Ask any QB if he’d rather be a game manager or a playmaker, and the smart ones will say “Yes.” No QB in his right mind assumes that a championship requires the role of only one or the other. Often times, it is both.
I bring this up because the statistics of Larry Tuileta — his performance DNA, to an extent — reflect a leader willing to follow. The Punahou Buffanblu are under a different directive, a new blueprint, in 2013. The other one that helped them reach the state final in 2012 was more than adequate, and “Tui” turned out magnificent numbers.
2012 (11 games)
• 157-244-4, 2,592 yards, 29 TD
• Completion rate: .643
• Yards per attempt: 10.62
• QB rating: 189.52
His most productive game was in the state semifinals against Mililani. Tuileta threw for 420 yards and five TDs. Three scores were out of the four-wide set and two were out of the offset-I.
The 2012 stats make his 2013 numbers look modest in comparison. It would be easy to point to a few elements in play. A somewhat inexperienced offensive line. The graduation of versatile running back Ryan Tuiasoa. A wide-receivers corps with some new, if talented, pieces.
2013 to date (after eight games)
• 89-157-3, 1,558 yards, 16 TD
• Completion rate: .567
• Yards per attempt: 9.92
• QB rating: 169.85
The final stat that may tell more than anything: Tuileta’s rushing. In 2012, he was hardly touched, let alone sacked. He had 22 carries in all of ’12 for just minus 14 yards.
This year, he’s been chased out of the pocket much more — especially early in the season. He has 31 rushes for minus 113 yards. MINUS. Even though he gets rid of the ball as well as anyone in the state, normally finding a receiver in 2 to 2.3 seconds out of the pistol.
It’s interesting to note that of his -113 rushing yards, 103 yards were lost in three of Punahou’s first four games. The progress since is remarkable: just nine rushes for -12 yards in four games.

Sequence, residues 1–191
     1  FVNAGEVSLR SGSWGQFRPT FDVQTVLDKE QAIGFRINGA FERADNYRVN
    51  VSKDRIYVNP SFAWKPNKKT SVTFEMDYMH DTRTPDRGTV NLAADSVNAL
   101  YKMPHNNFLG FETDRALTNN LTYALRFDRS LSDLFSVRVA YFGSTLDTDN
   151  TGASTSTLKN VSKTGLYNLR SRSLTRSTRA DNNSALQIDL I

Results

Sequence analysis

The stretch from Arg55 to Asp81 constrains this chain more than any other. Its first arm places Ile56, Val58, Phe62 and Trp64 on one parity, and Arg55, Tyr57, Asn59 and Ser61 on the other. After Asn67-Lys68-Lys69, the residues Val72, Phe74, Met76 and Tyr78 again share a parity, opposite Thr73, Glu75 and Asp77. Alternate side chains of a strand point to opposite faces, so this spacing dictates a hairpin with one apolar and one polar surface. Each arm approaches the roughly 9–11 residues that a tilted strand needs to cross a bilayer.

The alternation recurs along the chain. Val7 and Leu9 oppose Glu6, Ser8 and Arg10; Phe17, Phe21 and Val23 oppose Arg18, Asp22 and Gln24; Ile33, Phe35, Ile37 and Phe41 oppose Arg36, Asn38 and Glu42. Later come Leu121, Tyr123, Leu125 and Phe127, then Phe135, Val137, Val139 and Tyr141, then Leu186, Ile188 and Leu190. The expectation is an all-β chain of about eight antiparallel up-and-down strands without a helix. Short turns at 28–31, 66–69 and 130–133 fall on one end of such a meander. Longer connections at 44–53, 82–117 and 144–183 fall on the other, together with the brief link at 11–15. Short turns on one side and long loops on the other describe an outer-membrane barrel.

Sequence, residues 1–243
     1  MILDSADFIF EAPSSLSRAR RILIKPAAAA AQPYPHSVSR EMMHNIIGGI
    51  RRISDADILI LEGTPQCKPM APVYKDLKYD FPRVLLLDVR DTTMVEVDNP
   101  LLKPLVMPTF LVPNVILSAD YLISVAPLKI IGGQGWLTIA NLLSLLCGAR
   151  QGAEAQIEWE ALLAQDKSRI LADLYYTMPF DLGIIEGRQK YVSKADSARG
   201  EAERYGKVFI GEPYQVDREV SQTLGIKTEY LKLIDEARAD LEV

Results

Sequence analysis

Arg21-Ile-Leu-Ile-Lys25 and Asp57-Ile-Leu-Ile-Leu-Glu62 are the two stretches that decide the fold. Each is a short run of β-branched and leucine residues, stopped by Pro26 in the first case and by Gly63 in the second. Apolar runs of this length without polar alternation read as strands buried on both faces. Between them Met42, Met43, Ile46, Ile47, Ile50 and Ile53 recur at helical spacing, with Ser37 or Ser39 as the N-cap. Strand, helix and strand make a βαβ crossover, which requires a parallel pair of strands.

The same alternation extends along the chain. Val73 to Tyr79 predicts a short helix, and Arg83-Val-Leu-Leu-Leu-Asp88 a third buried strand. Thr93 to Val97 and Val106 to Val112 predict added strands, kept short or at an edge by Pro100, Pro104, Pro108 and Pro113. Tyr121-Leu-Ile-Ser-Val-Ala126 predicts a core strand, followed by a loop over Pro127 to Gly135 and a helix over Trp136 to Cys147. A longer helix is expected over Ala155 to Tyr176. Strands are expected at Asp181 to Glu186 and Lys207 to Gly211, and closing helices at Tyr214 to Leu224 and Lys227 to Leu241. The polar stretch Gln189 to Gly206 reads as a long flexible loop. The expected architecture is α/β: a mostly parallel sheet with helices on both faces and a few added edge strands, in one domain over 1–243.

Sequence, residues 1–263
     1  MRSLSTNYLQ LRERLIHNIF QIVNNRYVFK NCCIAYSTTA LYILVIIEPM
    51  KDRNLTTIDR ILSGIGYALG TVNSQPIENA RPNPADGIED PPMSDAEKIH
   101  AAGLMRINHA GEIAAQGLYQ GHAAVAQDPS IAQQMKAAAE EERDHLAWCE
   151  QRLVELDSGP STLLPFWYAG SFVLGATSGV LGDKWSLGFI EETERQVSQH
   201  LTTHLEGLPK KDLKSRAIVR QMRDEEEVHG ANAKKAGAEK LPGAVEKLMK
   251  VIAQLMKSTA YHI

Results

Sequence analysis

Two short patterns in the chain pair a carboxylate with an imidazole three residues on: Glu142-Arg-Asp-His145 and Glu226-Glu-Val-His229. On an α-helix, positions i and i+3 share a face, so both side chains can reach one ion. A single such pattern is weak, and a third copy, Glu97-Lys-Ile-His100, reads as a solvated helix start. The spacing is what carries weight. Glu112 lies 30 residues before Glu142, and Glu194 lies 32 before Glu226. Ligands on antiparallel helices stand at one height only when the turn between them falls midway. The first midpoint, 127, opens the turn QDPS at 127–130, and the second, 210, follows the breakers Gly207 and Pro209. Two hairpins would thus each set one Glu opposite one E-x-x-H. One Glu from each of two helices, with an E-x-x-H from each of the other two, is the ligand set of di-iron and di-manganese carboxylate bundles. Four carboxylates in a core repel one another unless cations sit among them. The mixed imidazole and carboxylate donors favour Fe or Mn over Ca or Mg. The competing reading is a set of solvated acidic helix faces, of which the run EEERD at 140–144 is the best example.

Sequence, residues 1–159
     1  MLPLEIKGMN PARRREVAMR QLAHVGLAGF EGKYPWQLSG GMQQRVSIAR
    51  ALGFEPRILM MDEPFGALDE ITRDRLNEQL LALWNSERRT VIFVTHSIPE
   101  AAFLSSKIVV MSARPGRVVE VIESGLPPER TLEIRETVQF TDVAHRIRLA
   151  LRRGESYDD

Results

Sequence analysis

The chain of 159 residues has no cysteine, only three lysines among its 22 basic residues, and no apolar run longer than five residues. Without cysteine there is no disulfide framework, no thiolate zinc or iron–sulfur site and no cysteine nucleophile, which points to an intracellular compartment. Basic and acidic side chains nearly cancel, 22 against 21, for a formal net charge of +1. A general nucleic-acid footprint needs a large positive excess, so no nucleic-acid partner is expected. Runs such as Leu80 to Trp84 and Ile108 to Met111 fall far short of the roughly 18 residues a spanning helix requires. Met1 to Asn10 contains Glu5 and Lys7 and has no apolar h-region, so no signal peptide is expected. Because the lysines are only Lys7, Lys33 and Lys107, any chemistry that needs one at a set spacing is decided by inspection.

Punahou’s emphasis on the running game, putting that formidable sledgehammer three-back formation to work, has been a godsend for Tuileta and his receivers. While they won’t necessarily line up in four-wide formations as often as last year, getting open has become a simpler task for them, particularly top target Kanawai Noa and tight end Dakota Torres, because of the sledgehammer and offset-I sets.
(I like to think of their pistol-I and pistol-offset I as hammers, and the pistol power-I set — particularly with 6-5, 310-pound Semisi Uluave at fullback — as a sledgehammer, a bludgeoning weapon to say the least.)
That’s why, as you probably noticed, that his pass attempts are down, even with plenty of football left in the season. Tuileta averaged more than 30 aerials per game in 2012 and is slinging less than 20 this year. The trend, obviously, has been down in the passing game. But that’s not the end of it.
Though the running game is more pronounced than last year when Tuiasoa was called on only occasionally to carry the offense, the Buffanblu are still as reliant on the aerial attack.
In Punahou’s biggest games — Mililani, Helix, Kamehameha and Saint Louis — Tuileta has been as prolific as last year.
2013 big games
• vs. #4 Mililani: 20-31-0, 255 yards, 2 TD
• vs. Helix: 13-31-2, 233 yards, 1 TD
• vs. #2 Kamehameha: 15-29-0, 202 yards, 1 TD
• vs. #4 Saint Louis: 20-34-0, 290 yards, 5 TD
• Total: 68-125-2, 980 yards, 9 TD
• Completion rate: .544
• Yards per attempt: 7.84
• QB rating: 140.82
That’s 17 completions per big game in 31 attempts, 245 yards per.
2012 big games
• vs. #1 Kahuku: 17-38-0, 251 yards, 1 TD
• vs. #5 Kamehameha: 17-26-1, 358 yards, 3 TD
• vs. #4 Saint Louis: 21-25-0, 359 yards, 4 TD
• vs. #8 ‘Iolani: 10-19-0, 142 yards, 2 TD
• vs. #7 Saint Louis: 20-28-0, 259 yards, 4 TD
• vs. #5 Kamehameha: DNP
• vs. #3 Mililani: 24-35-0, 420 yards, 5 TD
• vs. #1 Kahuku: 17-32-3, 171 yards, 0 TD
• Total: 126-203-4, 1,960 yards, 19 TD
• Completion rate:: .621
• Yards per attempt:: 9.66
• QB rating:: 170.12
That’s 16-for-25 per big game, 245 yards per.
• 2012: 16-for-25, 245 yards per big game.
• 2013: 17-for-31, 245 yards per biggie.
The formations, the protection, the players are different to an extent. Even Tuileta has changed a bit, now standing at 6-foot-3 and 205 pounds. But it’s astounding how certain numbers remain the same. And, above all, the biggest number for any QB: wins. Punahou is 8-0.
Tuileta is 19-1 as a starting quarterback in the past two seasons, but clearly is no one-trick pony. His metamorphosis has been a pleasure to watch. He’s is a pure shotgun or pistol signal caller, but that’s not all he is. He’s fine under center, too. He’s ready to be a handoff machine and equally ready to be a launcher of bombs. Then there’s his deft skill at Punahou’s latest weapon: the triple option out of that sledgehammer set. Merciless.
More on that later.